Telehandlers are heavy duty work machines made particularly to operate in rough terrain. This however, does not mean they could be driven without regard on rough terrain. These machines have a much bigger risk of load loss or tipping over when they are traveling on slopes.
If you do have to travel on a slope, make certain that you proceed slowly and carefully while keeping the load low. Before getting on the slope, downshift to 4WD and a lower gear. Using the engine brake would really help to control the telehandler's speed. Try to avoid turning on a slope if possible. If you must make the turn, use extreme caution and take it as wide as possible.
Under any circumstances, avoid driving across extremely steep slopes. Ascend and descend slopes with the telehandler's heavy end pointing up the incline. Even when the forks have no cargo, the counterweighted rear of the equipment is fairly heavy; thus, it can be required to drive in reverse up slopes. Once the telehandler is carrying a cargo, the front of the unit becomes the heavy end, and you could back the equipment down the slopes.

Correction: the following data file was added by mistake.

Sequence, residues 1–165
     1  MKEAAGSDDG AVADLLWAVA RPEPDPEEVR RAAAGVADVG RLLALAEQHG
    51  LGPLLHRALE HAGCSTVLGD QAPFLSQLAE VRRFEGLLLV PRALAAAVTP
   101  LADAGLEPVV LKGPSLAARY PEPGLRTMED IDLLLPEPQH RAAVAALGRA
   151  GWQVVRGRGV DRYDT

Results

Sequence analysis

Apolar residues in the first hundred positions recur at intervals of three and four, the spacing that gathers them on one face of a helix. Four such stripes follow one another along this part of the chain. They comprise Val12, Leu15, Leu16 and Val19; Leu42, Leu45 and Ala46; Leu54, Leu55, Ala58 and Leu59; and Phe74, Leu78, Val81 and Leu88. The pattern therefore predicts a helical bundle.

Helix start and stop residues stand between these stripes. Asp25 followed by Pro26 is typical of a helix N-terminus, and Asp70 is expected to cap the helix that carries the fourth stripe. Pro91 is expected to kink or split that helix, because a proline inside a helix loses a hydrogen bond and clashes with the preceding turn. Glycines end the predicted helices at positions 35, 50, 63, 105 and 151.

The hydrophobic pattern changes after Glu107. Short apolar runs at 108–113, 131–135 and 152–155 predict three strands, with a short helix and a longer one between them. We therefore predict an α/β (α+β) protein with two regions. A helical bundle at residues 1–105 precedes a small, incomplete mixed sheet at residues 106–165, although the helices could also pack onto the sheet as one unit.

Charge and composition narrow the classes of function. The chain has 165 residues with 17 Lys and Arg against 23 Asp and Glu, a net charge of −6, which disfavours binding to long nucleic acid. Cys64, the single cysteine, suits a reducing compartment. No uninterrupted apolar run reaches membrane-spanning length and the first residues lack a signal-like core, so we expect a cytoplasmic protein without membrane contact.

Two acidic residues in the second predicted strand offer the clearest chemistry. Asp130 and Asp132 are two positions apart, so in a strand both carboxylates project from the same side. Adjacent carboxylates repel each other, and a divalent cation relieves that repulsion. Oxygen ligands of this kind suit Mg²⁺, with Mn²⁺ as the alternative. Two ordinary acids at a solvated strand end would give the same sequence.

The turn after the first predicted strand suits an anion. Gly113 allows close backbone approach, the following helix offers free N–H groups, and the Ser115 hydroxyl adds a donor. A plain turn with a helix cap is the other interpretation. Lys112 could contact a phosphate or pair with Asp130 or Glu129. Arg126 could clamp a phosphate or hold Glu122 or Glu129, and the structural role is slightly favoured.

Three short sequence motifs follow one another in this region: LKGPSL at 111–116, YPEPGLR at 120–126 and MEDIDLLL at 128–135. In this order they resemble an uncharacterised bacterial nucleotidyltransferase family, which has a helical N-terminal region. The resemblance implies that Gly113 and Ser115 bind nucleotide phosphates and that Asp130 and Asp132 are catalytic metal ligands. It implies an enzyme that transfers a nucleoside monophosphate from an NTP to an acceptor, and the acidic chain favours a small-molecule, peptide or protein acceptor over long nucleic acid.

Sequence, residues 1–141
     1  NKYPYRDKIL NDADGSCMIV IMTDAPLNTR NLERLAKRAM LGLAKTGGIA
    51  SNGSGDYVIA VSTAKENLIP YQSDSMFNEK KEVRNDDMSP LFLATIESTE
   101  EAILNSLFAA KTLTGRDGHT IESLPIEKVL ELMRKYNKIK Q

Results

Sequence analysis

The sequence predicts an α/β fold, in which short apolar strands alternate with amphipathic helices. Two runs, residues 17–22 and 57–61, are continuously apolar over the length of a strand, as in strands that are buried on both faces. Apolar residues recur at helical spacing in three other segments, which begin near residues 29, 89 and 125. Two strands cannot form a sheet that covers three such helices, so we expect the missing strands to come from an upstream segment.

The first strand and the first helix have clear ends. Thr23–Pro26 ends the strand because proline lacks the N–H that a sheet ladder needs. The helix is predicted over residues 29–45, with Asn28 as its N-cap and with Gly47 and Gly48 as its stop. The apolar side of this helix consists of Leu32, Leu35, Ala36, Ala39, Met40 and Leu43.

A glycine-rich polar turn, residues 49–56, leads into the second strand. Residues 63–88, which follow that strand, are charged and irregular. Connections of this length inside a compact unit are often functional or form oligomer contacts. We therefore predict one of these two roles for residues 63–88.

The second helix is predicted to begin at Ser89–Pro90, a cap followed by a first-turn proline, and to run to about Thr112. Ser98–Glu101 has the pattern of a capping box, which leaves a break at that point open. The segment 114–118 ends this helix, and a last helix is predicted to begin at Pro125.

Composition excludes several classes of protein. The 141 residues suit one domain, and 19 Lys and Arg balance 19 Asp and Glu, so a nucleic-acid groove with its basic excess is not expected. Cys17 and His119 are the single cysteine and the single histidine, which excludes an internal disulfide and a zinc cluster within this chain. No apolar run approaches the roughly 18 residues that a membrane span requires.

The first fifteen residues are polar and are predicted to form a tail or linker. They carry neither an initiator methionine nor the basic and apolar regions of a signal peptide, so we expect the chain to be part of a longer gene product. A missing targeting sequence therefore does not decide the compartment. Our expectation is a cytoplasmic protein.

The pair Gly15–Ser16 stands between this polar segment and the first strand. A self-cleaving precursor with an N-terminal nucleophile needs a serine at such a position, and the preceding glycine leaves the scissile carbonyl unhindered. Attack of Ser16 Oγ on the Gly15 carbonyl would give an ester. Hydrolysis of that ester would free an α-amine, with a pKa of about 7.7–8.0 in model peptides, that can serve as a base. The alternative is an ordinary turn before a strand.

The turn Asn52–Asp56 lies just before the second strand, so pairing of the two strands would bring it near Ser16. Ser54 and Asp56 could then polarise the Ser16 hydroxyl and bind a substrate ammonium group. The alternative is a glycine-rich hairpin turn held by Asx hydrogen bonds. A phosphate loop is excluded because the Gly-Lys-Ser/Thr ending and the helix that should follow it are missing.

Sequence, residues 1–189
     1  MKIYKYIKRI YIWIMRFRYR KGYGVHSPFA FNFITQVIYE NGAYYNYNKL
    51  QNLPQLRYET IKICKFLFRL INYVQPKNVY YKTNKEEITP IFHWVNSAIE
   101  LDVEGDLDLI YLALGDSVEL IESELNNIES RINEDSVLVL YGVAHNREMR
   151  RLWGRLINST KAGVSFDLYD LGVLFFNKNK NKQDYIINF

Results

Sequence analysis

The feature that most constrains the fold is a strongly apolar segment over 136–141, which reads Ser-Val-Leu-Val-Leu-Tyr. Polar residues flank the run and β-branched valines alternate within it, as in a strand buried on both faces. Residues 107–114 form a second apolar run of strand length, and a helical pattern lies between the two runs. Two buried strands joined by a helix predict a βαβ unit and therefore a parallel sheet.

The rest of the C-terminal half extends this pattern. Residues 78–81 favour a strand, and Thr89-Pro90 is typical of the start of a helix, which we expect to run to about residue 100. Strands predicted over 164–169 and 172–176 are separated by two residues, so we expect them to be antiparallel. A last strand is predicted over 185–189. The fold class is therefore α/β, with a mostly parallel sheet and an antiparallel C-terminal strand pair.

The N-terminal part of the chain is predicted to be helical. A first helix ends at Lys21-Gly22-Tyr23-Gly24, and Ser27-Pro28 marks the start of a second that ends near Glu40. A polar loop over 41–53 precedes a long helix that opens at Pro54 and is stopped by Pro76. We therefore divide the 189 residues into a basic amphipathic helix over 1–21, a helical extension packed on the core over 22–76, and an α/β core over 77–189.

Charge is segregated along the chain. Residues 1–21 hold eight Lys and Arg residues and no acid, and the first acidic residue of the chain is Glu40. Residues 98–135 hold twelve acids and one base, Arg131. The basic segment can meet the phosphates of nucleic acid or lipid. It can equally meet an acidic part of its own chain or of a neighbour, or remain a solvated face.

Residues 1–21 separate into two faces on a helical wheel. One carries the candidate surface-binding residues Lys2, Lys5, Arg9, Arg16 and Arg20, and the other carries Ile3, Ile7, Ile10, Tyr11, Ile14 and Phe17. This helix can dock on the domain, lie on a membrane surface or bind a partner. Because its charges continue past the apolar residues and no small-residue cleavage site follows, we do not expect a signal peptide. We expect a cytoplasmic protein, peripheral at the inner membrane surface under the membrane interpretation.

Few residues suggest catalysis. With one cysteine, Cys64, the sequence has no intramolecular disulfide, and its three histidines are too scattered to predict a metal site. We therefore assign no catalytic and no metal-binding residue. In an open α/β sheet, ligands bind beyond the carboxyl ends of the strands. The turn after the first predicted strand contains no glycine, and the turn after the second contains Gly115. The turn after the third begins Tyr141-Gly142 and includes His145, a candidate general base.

Operator training is extremely vital on a mixed jobsite. Rear pivot machines would usually operate on the same jobsite of coordinated steering equipment, where everybody is permitted to use all of the equipment. In this case, an individual who is used to using a coordinated steer equipment can jump onto a rear-pivot equipment. A really significant difference between how these two units work has much to do with what part of the equipment extends outside of the turning radius.